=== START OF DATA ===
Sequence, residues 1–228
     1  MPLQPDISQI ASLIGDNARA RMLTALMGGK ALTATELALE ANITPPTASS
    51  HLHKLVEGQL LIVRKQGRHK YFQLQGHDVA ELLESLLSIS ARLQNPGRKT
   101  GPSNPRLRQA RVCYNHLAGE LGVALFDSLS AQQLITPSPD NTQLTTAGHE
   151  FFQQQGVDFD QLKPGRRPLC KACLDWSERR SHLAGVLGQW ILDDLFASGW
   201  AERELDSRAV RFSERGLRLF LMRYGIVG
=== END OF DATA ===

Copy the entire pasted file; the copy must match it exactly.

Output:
Sequence, residues 1–228
     1  MPLQPDISQI ASLIGDNARA RMLTALMGGK ALTATELALE ANITPPTASS
    51  HLHKLVEGQL LIVRKQGRHK YFQLQGHDVA ELLESLLSIS ARLQNPGRKT
   101  GPSNPRLRQA RVCYNHLAGE LGVALFDSLS AQQLITPSPD NTQLTTAGHE
   151  FFQQQGVDFD QLKPGRRPLC KACLDWSERR SHLAGVLGQW ILDDLFASGW
   201  AERELDSRAV RFSERGLRLF LMRYGIVG